naturally sus finds – April 2018

sus - april finds collage

It’s finally starting to feel like spring here in NYC and I made it just in time for my April finds!

  1. Instagram: @stevieyaaaay – I literally found this Instagram last week and I’m already hooked. I love finding other eco-conscious/zero-waste bloggers/influencers based in NYC. People often tell me that no one cares about the environment in NYC and while it does disappoint me to hear that and to see all the garbage on our streets to confirm that, it’s people like Stevie who make a difference and show it’s possible to live eco-consciously here.
  2. Product: HealthAde Upcycled Candles – I love HealthAde kombucha, especially their bottles. I save most of them in case I find other ways to reuse them. They’re upcycling their own bottles and making them into candles, which I think is the cutest thing ever. It just goes to show how you can care about sustainability as a business, no matter what you sell.
  3. Business: Good Home Co. – Your one stop shop for all natural products for your home – laundry detergent, dish soap, candles, etc. My favorite are the candles. I love that they come in an unlabeled amber jar and are made from soy wax.
  4. News: Beauty Brands and Packaging – So many more beauty brands are being conscious about their packaging. Whether it’s setting goals to be completely zero-waste or offering incentives to customers to reuse/recycle their packaging, it’s becoming more popular for beauty brands to consider the planet as a stakeholder.
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naturally sus finds – March 2018

sus - march finds collage

Ok so I lied, turns out March was incredibly busy again, but I’m still coming through with my monthly web finds!

  1. Instagram: @greenmatters – this account features images with a headline or one-line fact about news across all topics in sustainability. From wind farms to plastic-free biodegradable pregnancy tests, this account is a testament to how sustainability affects everyone.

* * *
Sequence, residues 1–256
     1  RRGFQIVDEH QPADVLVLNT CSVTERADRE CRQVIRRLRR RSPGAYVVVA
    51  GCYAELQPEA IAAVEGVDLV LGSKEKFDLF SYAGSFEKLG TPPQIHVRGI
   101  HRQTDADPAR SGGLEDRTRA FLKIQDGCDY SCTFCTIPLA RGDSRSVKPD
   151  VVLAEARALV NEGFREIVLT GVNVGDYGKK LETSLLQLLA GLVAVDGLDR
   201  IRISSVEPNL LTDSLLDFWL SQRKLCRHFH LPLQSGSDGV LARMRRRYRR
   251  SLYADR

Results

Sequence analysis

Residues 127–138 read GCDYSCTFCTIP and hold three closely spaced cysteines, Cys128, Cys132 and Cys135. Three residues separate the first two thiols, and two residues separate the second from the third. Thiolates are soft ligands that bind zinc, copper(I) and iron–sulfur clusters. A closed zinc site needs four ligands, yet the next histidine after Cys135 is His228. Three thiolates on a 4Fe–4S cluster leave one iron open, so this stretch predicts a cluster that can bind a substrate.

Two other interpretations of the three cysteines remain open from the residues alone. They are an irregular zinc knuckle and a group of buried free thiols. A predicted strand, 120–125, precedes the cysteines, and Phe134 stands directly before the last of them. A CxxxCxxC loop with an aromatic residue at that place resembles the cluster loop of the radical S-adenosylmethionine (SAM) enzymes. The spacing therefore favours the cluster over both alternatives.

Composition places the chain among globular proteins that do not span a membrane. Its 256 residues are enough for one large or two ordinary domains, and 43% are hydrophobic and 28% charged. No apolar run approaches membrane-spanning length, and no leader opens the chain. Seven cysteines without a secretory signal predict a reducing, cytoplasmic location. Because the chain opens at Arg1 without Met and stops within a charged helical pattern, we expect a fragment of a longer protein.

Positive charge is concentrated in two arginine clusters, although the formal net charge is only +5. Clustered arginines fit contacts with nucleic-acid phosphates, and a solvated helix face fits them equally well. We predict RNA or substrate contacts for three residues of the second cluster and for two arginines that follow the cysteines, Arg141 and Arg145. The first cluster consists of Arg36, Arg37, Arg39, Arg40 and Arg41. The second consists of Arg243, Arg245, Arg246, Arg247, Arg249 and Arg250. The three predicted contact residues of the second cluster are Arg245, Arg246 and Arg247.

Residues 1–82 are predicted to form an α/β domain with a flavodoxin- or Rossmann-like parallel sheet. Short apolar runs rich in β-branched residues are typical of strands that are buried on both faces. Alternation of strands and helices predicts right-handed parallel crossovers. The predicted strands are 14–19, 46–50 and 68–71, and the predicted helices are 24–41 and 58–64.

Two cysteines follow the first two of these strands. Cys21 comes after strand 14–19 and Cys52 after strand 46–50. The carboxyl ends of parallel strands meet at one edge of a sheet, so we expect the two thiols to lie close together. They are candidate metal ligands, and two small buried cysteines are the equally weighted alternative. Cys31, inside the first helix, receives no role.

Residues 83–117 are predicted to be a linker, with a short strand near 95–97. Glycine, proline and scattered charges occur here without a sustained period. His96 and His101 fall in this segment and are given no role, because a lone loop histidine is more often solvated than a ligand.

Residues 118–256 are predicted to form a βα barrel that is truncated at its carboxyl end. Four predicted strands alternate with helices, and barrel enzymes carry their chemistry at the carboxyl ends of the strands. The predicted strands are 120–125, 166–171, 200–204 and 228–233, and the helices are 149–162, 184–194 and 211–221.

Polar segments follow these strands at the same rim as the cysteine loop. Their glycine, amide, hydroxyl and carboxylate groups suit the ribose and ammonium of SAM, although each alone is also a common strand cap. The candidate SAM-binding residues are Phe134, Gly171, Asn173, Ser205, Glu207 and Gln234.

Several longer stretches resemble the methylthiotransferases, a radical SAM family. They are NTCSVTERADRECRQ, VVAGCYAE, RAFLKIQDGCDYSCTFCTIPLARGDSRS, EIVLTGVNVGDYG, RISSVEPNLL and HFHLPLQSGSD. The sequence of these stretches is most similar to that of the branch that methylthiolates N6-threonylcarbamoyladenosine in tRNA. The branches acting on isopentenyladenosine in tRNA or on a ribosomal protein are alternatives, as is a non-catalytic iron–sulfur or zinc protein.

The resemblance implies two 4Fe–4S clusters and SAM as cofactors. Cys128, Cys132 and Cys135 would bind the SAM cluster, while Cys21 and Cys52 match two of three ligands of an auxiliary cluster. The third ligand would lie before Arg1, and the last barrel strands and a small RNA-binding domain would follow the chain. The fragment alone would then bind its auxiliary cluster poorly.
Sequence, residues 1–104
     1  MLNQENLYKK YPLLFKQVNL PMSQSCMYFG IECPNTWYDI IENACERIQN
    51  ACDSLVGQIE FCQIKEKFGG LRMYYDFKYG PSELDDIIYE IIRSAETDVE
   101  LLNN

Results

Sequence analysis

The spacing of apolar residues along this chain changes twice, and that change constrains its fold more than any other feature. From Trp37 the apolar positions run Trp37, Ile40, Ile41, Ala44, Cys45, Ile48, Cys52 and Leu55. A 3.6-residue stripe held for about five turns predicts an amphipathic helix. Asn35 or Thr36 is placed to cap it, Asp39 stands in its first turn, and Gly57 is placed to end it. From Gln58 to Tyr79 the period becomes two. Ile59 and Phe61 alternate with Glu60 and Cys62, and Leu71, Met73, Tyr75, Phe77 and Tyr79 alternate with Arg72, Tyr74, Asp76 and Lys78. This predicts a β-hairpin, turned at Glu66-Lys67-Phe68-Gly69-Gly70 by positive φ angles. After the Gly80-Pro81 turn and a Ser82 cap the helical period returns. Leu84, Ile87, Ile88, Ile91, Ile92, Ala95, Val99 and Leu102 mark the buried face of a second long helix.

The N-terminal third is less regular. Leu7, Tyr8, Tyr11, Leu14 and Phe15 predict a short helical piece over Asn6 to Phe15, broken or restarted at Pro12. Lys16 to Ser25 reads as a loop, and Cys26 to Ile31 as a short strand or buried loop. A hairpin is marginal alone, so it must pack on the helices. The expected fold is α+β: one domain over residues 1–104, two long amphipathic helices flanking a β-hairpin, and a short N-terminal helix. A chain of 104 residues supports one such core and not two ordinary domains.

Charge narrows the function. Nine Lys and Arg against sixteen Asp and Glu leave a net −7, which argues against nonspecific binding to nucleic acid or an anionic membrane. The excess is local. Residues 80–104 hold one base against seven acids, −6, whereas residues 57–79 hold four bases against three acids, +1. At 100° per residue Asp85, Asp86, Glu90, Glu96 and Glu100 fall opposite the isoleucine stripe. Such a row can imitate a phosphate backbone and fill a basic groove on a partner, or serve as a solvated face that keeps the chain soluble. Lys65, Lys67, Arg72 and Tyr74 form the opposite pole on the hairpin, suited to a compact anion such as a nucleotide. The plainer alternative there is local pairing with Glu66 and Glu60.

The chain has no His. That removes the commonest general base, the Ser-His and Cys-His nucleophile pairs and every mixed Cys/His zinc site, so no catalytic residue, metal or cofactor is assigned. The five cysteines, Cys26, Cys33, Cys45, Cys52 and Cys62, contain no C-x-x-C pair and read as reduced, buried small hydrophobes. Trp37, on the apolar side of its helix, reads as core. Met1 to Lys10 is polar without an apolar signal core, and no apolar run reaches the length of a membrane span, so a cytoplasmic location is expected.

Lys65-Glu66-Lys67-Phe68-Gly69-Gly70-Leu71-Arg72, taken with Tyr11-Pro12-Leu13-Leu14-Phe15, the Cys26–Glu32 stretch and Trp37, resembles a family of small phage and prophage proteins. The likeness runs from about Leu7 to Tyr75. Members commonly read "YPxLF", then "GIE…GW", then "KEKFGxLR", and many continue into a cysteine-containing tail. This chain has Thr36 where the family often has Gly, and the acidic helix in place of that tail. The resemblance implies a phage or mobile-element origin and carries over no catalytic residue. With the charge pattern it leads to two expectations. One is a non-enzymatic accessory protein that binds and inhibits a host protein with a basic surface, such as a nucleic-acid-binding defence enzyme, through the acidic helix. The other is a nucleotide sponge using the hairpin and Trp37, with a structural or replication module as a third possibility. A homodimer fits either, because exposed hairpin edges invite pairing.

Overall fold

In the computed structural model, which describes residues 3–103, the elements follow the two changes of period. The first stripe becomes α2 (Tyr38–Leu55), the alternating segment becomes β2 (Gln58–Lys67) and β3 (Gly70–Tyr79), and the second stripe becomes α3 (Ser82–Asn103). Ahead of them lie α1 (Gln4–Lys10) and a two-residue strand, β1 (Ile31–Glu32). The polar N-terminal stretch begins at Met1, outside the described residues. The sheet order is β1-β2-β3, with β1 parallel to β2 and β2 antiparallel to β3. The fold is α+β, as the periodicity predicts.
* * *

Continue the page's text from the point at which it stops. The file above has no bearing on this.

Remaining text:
2. Product: o.b. tampons – What applicator? These tampons are applicator free, which means an average of 240 plastic applicators per person every year could be saved from the landfills. Bonus points: they’re giving out a FREE 18-count sample if you sign up here.
  3. Business: RECO BKLYN – I’m obsessed with wood furniture. RECO BKLYN creates custom and live edge slab furniture with reclaimed wood from fallen trees in NYC waste streams. Now, time to save up for a beautiful wood dining table…
  4. News: Meet SoFi, “Sophie” the Fishoid – First we had Sophia, the humanoid, now we have Sophie, a robotic fish that swims in the ocean to better understand marine life and how it’s being threatened by human activity and climate change. I hope it doesn’t get eaten by a shark, but they disagree.

naturally sus finds – February 2018

Sus - Feb Finds Collage

Hey everyone! I’m so sorry I haven’t posted in a while…I was sick for two weeks and I was also working on a separate writing project that ate up a lot of my time. March will be a calmer month for me, so I’m hoping I can catch up then because I have a lot of things to share! I didn’t want to skimp out on my sus finds for February though, so here are a few of my favorites from the month:

  1. Instagram: @alison__wu – Alison Wu’s Instagram is just another dreamy space to get lost in. She is the queen of photogenic layered smoothies and healthy living. Every time I visit her feed or website, it just radiates positive and peaceful energy.